To learn a great deal more about GMOs, or to add your voice to the millions who want to see proper labeling and disclosure of GMOs in our foods, visit organicconsumers.org or Seeds of Deception.  Also, there’s a very interesting review on a recent paper on “The Failure of Science” from Ethicurian.

May 20, 2009–Today’s Way: Most people are not aware that the eggs we buy at the supermarket (even organic ones) are already a month old by the time they reach the store.  For the freshest of fresh eggs, it’s hard to top raising your own chickens, plus, they’re just so darned cute.  Yes.  Chickens.  Cute.  Really.

Racquella, Our Barred Plymouth Rock

Racquella, Our Barred Plymouth Rock

Unlike the deplorable conditions on industrial egg farms—noisy, polluting operations which house thousands and thousands of birds in shamefully tight quarters feeding them antibiotics and hormones to keep them producing—small backyard chicken flocks make good sense for the health of the planet. Chickens make excellent, gentle family pets with lots of personality, are surprisingly easy and inexpensive to maintain, and require less space than you think.  They’re also quite quiet (as long as you don’t have a rooster).

Chickens come with other environmental benefits as well.  Aside from the obvious fresh eggs, chicken droppings are a fantastic natural fertilizer for your lawn, gardens and houseplants.  Furthermore, chickens make for great chemical-free bug and weed control because they love to scratch around and eat grubs, insects and seeds.  Happy, healthy, free roaming chickens with access to quality organic food, sunshine and the outdoors produce the healthiest, most nutrient-dense form of protein available in the way of their organic eggs.  By the way: you don’t need a rooster in order to have daily fresh eggs; roosters are only necessary if you want fertilized eggs for hatching.

You’ll need to check your local regulations regarding keeping chickens, but you may be surprised to find out that most suburban and even urban areas do allow them.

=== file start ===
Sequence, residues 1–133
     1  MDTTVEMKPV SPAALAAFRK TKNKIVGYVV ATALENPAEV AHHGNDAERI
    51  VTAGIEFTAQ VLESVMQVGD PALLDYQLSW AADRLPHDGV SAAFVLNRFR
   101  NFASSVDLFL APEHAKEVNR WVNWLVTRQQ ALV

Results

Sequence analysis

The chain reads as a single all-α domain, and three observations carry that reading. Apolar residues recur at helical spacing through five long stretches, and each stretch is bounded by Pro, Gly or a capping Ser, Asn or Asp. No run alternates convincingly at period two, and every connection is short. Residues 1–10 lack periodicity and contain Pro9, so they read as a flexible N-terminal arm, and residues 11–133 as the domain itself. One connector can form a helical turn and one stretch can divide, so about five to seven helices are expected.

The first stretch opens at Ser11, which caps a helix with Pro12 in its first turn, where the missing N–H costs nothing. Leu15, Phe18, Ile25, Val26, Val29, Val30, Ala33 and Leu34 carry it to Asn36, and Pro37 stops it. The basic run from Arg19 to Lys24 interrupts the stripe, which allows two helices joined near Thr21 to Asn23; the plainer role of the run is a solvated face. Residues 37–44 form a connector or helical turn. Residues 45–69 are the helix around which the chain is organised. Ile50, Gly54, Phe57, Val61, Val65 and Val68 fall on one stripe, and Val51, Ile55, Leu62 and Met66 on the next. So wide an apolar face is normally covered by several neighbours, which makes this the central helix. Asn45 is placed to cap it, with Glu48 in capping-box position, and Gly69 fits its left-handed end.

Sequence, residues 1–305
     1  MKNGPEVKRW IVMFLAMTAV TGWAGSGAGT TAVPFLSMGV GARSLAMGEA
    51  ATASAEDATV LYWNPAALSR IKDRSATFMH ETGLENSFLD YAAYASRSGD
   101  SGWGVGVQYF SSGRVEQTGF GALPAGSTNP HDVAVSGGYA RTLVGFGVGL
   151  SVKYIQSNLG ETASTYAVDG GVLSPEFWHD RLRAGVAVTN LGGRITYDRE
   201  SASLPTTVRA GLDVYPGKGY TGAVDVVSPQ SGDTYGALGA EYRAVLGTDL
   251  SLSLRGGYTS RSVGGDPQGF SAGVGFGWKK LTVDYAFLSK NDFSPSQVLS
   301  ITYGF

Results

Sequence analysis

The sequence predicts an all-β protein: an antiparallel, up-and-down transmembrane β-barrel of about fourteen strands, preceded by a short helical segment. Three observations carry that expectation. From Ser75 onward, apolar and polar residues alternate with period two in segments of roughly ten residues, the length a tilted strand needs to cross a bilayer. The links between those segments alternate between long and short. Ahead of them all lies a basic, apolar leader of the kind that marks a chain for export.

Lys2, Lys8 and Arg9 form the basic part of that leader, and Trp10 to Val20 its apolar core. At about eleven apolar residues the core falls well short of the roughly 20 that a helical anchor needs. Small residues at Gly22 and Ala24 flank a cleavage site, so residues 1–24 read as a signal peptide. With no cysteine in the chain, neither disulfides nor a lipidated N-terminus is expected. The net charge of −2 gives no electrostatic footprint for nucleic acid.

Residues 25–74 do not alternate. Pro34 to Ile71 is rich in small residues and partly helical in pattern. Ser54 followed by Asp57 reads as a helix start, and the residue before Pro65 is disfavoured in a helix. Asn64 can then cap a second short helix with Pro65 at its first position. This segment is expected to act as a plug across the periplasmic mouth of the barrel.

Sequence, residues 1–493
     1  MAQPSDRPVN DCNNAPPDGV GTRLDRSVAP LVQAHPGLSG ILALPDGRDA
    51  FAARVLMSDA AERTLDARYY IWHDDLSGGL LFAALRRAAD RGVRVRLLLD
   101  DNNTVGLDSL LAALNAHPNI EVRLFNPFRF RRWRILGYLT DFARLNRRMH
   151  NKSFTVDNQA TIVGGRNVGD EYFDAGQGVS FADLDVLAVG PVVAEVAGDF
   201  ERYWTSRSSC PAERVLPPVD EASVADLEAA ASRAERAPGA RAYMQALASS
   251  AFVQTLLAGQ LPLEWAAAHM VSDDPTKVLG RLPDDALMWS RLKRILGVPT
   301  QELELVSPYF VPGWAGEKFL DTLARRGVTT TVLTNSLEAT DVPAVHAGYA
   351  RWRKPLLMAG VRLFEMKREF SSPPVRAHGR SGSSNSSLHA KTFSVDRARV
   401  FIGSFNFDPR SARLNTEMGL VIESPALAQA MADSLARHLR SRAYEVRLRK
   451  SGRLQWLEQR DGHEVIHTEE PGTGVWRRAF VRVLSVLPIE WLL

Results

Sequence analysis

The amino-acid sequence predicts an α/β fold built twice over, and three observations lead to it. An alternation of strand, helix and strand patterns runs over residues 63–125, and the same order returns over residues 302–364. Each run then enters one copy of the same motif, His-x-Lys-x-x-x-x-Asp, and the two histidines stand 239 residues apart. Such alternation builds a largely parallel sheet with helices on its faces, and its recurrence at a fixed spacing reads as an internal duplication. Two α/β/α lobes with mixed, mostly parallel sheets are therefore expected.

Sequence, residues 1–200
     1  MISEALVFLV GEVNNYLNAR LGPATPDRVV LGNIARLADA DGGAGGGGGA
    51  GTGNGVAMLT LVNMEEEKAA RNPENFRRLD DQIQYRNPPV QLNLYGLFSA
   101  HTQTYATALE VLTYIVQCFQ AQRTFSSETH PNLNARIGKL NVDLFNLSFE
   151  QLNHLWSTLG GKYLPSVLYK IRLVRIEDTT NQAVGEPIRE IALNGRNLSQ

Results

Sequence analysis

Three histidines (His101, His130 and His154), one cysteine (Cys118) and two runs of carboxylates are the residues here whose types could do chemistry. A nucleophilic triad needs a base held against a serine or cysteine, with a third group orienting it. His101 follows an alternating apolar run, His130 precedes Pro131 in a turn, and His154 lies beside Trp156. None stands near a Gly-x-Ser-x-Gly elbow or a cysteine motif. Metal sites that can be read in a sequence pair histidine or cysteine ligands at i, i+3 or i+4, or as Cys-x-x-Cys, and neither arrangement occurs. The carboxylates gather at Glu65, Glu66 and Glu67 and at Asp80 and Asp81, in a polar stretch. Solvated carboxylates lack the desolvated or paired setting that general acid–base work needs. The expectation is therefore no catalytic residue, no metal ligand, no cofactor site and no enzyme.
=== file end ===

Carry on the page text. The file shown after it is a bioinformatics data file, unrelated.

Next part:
To learn more about keeping your own chickens, visit these sites from Back Yard Chickens or My Pet Chicken.

May 8, 2009–Today’s Way: I know I just did a post about purchasing from local farms via produce stands and farmer’s markets, but I felt that a discussion of food co-ops, or Community Supported Agriculture (CSA), deserved its own post.

In a time when farms and independent farmers are disappearing in increasing numbers every year, Community Supported Agriculture offers a new approach in saving the family farm.  In essence, CSA is a program where you purchase a year or a season of produce from a local farm in advance.  The farmer then provides weekly pickup or dropoff points of your fresh produce for the duration of your pre-agreed period of time.  Each member or subscriber owns a share of the crops produced, and at the same time, ensures that the farmer is able to stay a farmer.  I love this idea, because it creates a direct connection between families and their food, and decreases the dependence of farms upon government subsidies in order to survive.  Also, most CSA farms focus their growing talents upon diversity among crops, with vegetables as well as fruits and some even provide herbs, honey, eggs and dairy—as opposed to the ubiquitous single-crop fields of corn or grain intended for animal feed which have become the primary focus of industrial farming (and subsidies) in our country.  Increasingly, CSAs are offering certified organic produce to their memberships, which is good for the health of our planet as well as its people.

For more information about where to find a local CSA or co-op near you, visit CSAFarms.org, or one of my favorite sites, LocalHarvest.org.